An amount of 27 amendments have been applied to the Constitution. Article V provides two methods by which the Constitution may be altered. Two-thirds of both houses of Congress may ratify an amendment, which must then be confirmed by three-fourths of the states’ legislatures (38 of the 50 states). The other way is for two-thirds of the states’ legislatures to call for a constitutional convention. All 27 amendments have been proposed by Congress and passed by the states. The states have never used the second method.

 

Here is the proposed solution. A constitutional amendment limiting senators and representatives to 12 years service in either house and a combined 20 years total in Congress. However, acknowledging the power of the voice of the people, a great person may arise chosen and loved by the people who should keep serving. Should a candidate win an election for what would be their final term by two-thirds of the vote, they would be eligible to run for another term at that term’s conclusion. They would continue to be eligible to run for more terms so long as they continue to win re-election by two-thirds of the vote.

 

Also, raise the minimum number of representatives from one per state to three. If each state gets a minimum of three electoral votes, then why not three representatives? To keep the original balance intended by the Constitution, return selection of senators to the state legislatures so that they are selected to represent state interests. The Constitution was amended because of state legislatures hanging when electing resulted in prolonged empty seats. If legislation is unable to select a senator in a set time limit, the choice would fall to that state’s governor to select the replacement.

 

At the same time, pay needs to be drastically adjusted. There is no reason why a member of congress, a servant of the people, should make almost 15 times the federal poverty level. There is no reason their pension should be so easy to come by and almost double the federal poverty level for a family of four. Yes, these are elite positions in society and should reflect as such. Congress will need to pass a law capping their pay at $100,000 per year and pensions should be rolled back to match the federal poverty level. Pensions would be available after serving one term as senator and three terms as a representative. Any congressional member able to reach the max term limit would be eligible for a pension equal to the federal poverty level for a family of four ($23,850 as of this year).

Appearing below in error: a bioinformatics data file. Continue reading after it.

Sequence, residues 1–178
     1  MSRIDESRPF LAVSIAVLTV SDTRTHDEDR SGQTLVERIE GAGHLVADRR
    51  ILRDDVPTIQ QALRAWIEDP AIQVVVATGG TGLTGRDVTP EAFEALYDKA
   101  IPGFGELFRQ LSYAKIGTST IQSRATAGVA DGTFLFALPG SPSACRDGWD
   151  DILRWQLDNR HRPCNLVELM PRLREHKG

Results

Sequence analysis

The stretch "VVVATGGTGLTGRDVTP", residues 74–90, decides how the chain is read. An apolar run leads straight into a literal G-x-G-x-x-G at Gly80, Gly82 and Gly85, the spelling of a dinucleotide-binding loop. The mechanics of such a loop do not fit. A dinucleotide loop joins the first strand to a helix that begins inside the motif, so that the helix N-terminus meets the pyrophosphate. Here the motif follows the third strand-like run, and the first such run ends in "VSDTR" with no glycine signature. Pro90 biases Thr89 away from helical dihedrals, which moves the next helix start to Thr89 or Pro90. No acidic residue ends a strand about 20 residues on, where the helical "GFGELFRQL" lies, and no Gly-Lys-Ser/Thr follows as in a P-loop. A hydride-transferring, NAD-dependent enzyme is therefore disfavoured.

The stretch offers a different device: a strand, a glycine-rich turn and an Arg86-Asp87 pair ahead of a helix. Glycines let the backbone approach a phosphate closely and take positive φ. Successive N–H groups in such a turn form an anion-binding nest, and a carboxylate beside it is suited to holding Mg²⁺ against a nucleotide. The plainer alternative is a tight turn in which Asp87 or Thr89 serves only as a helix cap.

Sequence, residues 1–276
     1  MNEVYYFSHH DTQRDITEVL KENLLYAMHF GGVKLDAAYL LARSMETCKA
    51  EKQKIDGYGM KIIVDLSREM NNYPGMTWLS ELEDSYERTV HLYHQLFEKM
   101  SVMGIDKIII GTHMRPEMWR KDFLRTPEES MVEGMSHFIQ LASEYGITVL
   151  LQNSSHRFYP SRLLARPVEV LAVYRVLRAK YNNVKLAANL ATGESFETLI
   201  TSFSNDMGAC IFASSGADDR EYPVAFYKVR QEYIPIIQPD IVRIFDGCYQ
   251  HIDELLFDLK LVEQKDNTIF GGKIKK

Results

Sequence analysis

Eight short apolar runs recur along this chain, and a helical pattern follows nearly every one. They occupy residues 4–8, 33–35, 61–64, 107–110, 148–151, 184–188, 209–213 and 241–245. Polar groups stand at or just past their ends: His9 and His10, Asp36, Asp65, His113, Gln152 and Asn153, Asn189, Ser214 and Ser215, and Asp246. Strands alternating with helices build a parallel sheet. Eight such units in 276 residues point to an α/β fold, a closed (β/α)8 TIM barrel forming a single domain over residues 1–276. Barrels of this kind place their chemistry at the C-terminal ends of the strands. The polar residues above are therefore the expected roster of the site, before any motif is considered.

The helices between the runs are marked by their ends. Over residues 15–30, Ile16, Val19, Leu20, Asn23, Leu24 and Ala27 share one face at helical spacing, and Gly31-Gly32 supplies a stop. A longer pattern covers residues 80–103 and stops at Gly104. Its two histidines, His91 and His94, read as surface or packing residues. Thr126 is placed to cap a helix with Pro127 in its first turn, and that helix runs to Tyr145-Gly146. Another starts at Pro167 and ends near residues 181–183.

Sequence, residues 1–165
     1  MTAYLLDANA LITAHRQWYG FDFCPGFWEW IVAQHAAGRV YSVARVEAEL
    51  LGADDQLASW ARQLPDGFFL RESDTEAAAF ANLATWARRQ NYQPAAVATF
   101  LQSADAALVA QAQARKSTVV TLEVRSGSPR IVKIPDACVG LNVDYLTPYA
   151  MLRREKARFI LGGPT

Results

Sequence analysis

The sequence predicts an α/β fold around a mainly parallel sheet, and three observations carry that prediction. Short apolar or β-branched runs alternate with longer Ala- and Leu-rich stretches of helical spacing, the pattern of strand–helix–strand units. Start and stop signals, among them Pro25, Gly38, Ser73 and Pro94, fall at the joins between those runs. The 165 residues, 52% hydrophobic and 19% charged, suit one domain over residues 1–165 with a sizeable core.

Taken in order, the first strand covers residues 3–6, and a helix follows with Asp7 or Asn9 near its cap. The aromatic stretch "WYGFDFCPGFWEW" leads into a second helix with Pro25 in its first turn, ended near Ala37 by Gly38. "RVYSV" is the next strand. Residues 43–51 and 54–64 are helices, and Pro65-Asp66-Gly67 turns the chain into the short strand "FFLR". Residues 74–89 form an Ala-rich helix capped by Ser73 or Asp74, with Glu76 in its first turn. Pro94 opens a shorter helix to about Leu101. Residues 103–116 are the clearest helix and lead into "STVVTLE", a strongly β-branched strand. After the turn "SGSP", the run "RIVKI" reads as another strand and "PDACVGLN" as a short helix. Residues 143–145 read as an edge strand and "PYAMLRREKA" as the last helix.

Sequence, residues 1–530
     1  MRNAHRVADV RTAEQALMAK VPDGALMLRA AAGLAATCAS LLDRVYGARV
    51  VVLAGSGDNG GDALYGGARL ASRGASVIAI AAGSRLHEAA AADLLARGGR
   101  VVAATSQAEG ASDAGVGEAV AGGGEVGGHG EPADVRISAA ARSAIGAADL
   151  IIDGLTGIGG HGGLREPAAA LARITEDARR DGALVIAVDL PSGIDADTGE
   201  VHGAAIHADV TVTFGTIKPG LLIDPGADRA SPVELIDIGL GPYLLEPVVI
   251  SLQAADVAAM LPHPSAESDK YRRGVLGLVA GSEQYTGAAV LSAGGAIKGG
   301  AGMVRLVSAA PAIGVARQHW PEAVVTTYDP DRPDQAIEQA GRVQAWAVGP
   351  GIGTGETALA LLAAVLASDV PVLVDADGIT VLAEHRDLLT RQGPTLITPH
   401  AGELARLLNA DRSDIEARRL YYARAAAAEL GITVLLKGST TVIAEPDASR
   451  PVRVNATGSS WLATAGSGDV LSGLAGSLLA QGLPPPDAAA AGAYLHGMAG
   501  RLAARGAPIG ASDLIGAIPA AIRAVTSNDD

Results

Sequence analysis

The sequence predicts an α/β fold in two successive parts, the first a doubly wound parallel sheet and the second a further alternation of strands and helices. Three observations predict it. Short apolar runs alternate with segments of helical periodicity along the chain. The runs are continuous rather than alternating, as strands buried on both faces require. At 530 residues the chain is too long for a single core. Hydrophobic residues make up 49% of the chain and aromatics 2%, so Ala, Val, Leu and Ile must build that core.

Why do it like this? First, it helps shake up and break so much of the gridlock plaguing Congress. Second, it rebalances the states’ and peoples’ interests. Third, it more evenly redistributes congressional power across the country. Fourth, it frees up tax dollars to go where they are actually needed. Fifth, it helps make the job about the money and not about the perks. The pension actually pays out less than social security. Who would want only that for retirement?

 

It’s an idea. A springboard. A hope. One that will never truly see the light of day. Almost 50 percent of Americans work with no retirement plan. Who would willingly vote themselves out of a job and a pay cut and back into that? Certainly not the people we elect from among us whom we believe best able to represent us. Imagine them having to go back into the private sector and rejoin the average American in their middle class struggle to provide for their families and secure their future. That would mean they would only serve their constituents for a short time and then have to go back and live normal lives amongst them. Unless they were just amazing servants of the people and overwhelmingly loved and supported time after time. A truly beloved politician. A Congress that’s actually about being there to try and do what’s best. What a dream.